Real Boxing sure has the look and the feel of a quality boxing simulation. Under the hood, it is perhaps not as powerful and customized as the venerable Fight Night series, but Real Boxing holds its own with respectable visuals, some decent career progression and solid controls.
Compared to Fight Night, which this title will inevitably face since there are so few quality boxing titles out there these days, Vivid Games does a good job of creating decent-looking character models and a solid, responsive in-ring experience. The controls give you plenty of options for jabs, hooks and uppercuts, and while the collision detection could be just a bit better, it gets the job done pretty well. A few additional controls like clinching and a quick mini-game that comes with it as well as the usual ‘press buttons really fast’ to try and stand up from a knockdown serve to help change up the pace in the ring.
Outside of the ring, there are a handful of options that make Real Boxing feel a bit more simulation like. Every fight fights, your boxer can work a heavy bag, a speed bag and jump rope on some timing based mini-games that help improve one of three stats for your boxer. The boxer himself does not have the level of customization that a more detail-oriented fighter like Fight Night does. You pick from one of several already made characters and can tweak his appearance a bit with different things like equipment and tattoos. This works well enough, bu the limited number of models makes the fighters feel recycled just a bit sooner than I would have liked.
There is not a lot of meat on the single player campaign mode, which has you working through different brackets on your way to a championship belt. Multiplayer is all well and good, but there is no real matchmaking and you have to actively have other boxers online and wanting to play. This part was hit and miss. Sometimes I could get into a match almost immediately and at other times I was feeling pretty lonely. The good news is that when an online game is found, the boxing ran very smooth for me in every instance, without any real notable lag.
I spent the bulk of my time in the single player tournaments however. Winning matches earns you credits, which can then be applied to a handful of different perks to improve your boxer, or to spend on cosmetic and equipment changes to help shape his appearance. Matches are fairly quick, and generally ended in knockouts, which suited me just fine – but some went the distance and while the statistics were not terribly deep, they did a nice job of tallying punches thrown and landed – though some representation of power punches versus lighter ones might have been nice.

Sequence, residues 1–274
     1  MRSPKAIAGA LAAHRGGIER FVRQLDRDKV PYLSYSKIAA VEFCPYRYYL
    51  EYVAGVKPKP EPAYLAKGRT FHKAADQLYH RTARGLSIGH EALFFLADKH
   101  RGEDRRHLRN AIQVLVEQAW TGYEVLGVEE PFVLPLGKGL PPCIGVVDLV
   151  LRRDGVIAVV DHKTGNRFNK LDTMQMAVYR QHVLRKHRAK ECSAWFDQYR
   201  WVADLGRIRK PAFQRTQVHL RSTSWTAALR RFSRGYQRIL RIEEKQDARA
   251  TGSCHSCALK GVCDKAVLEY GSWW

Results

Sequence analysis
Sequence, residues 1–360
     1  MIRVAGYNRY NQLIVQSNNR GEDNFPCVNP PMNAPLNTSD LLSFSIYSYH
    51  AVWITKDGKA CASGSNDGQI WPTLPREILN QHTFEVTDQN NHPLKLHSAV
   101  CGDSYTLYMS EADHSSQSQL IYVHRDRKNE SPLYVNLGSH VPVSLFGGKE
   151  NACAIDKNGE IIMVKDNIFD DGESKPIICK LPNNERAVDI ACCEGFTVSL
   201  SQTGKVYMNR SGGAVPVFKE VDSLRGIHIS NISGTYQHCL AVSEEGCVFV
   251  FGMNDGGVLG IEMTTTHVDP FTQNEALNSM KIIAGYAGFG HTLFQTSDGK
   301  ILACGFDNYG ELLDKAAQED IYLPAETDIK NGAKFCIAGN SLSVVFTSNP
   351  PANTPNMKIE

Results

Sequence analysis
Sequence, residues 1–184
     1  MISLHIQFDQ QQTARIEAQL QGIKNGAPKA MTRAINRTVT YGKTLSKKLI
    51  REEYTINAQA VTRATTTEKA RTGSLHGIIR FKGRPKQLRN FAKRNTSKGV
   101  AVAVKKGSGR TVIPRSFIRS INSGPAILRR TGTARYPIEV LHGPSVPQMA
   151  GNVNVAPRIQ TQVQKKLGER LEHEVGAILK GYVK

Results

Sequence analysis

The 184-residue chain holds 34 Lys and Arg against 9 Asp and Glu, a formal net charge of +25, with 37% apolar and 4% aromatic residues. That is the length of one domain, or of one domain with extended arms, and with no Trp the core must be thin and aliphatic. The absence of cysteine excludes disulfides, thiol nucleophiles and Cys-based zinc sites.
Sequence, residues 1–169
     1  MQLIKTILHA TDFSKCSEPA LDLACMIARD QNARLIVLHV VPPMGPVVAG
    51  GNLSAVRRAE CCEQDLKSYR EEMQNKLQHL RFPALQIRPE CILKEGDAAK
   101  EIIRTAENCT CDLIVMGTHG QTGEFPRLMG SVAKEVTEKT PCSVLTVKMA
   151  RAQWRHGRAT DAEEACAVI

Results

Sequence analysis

The actual boxing works well enough. I tend to lead with a lot of jabs and then come in with hooks. Uppercuts are tough to land, and usually need to be timed in such a way that you are catching your opponent lunging in for a strike of their own. The basics are there – block, punch and try to stay on your feet. Should your health bar completely deplete, you hit the mat and enter a quick mini-game of button mashing the triggers to get back up again. Dodging blows felt a bit fickle to me – probably my biggest complaint. It is mapped to the same button as block, but you are supposed to hold for a block and tap for a dodge. The tap doesn’t seem to work terribly reliably however, which is a shame since counter punching the computer is really good at later in the tournaments and it deals a load of damage.
One other bar that needs management is your stamina. This is represented by a small yellow bar beneath your health, and it represents punching speed and impact. If you throw a lot of punches, you are more likely to sneak some through (especially since three blocked punches always breaks your opponent’s blocking guard), but the lower your stamina is, the slower and weaker your swings. So flailing away will get you a number of light tags on your opponent but will not necessarily do much to decrease his health. This is why Counters work so well, because you are landing a hook or uppercut on your opponent with a full stamina bar behind it, dealing significant damage.
What vivid Games has made here is a decent budget boxing title. It may not have the AAA backing of something like Fight Night, and as such not as feature rich as the reigning champ. Still, Real Boxing has some pluckiness to it if you go in with the understanding that this is more arcade game than simulation and that it may not have as many options built in.
Review by Nick